A middle approach (that many people take) is to shoot RAW files. Most RAW converters read the adjustments you set in the camera and use them as defaults, so it's really easy to batch convert your RAW shots so that your friends will think you have a very cheap "P&S" camera. But, when you learn better, you can go back and properly process any of your old shots. .

Charlie DavisNikon 5700 & Sony R1HomePage: http://www.1derful.infoBridge Blog: http://www.here-ugo.com/BridgeBlog/..

Comment #11

All I want to know if having dSLR camera puts me at least in better starting position then even most expensive digital P&S..

Because if for P&S operation the latter is better or the same (IQ speaking) it would be no sense then for me to keep it I guess, because it's heavy and big and zooming is expensive.thanks..

Comment #12

Motif, I think it's tough to argue which is better in your situation. I too have a XT and got it over the summer. One clarification though - post processing doesn't necessarily mean making "artistic" images out of your pics. Much of the time, it's doing what the in-camera process already does - sharpening, contrast, saturation but doing it yourself. Obviously there are no hard and fast rules on how much of each to apply so generally a person can do this much better (after they get experienced and practiced) than a camera/processor can do it..

Here are my thoughts on it. If you are looking at just using the auto modes and not touching the pics in post processing, you may not get the same results as a P&S. I don't really shoot in auto modes but I've seen plenty of threads on here where people feel their SLR doesn't produce the same type of pics as their P&S when they shoot in auto mode. This oculd be as simple as not setting the levels as high as they are in their P&S or maybe it's just SLR doesn't worry so much about this part of it. I'm not sure..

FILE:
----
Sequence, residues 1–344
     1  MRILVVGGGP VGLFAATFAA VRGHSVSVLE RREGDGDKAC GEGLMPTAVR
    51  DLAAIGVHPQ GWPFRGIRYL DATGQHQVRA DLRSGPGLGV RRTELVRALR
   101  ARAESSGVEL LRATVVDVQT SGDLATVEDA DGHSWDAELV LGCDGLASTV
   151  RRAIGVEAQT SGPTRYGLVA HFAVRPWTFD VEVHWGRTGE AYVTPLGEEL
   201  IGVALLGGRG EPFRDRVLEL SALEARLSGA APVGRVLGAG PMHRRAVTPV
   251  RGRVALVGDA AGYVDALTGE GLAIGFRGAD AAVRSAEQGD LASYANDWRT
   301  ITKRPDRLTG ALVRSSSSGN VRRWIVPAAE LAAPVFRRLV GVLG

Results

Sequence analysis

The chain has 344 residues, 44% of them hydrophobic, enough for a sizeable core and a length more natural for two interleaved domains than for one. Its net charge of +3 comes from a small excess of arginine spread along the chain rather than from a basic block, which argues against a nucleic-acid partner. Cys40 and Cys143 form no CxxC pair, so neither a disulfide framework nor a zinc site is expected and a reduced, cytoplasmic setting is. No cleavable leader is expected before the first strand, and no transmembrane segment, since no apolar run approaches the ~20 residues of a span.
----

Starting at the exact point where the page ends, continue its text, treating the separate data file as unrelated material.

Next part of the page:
Here is what I find better about my SLR than my P&S :.

1. No shutter lag - This was my main motivation. I was tired of the P&S shutter lag. This was one big reason my pics weren't great. I would miss the shot 90% of the time..

2. High ISO - SLRs perform way better at higher ISO than P&S. Thus, I can crank up the ISO and not be afraid that I'll ruin the picture with noise..

3. RAW - I know you don't like it, but I find this to be an advantage..

4. Flexibility - I'm not bound to the glass thats bolted on my cam. If I need more reach, I can buy another lens. If I need fast glass, I can buy another lens..

5. Low light performance - partly due to #2 and #4, I can get glass and combined with lower noise, I can take way better shots in low light.

6. Control - I'm in complete control, or can be if I want to.

7. Physical Controls - I always hated those electric zooms on P&S. They are slow and it's tough to get to the focal length you want to be at..

8. Overall IQ - I'm sure there are some great P&S out there that produce great images. I will say this - Recently I printed out some pics. Some were taken with my SLR and some with my P&S. They were 4x6 prints and I could tell the difference in quality. On the web or on my computer screen, I couldn't tell much difference when viewed small, but when I got them printed at a photo lab, the differences were night and day.

The 50mm is even better. It was actually disappointing b/c I realized I had 5 years of pics of my daughter that aren't as good as they could have been..

Here are the disadvantages as I see them:.

1. Size - obvioiusly much easier to bring along the point and shoot.

2. Durable - Of course I don't have data around this, but I will say that I feel myuch more comfortable throwing my P&S around, leaving it laying aroud, then I do wit hthe SLR. If I were to drop both, I would expect the P&S would fare better.

3. Using - a P&S is much easier to use. The SLR requires more knowledge and for a while, my pics were worse than the P&S b/c I didn't know how to properly use the cam.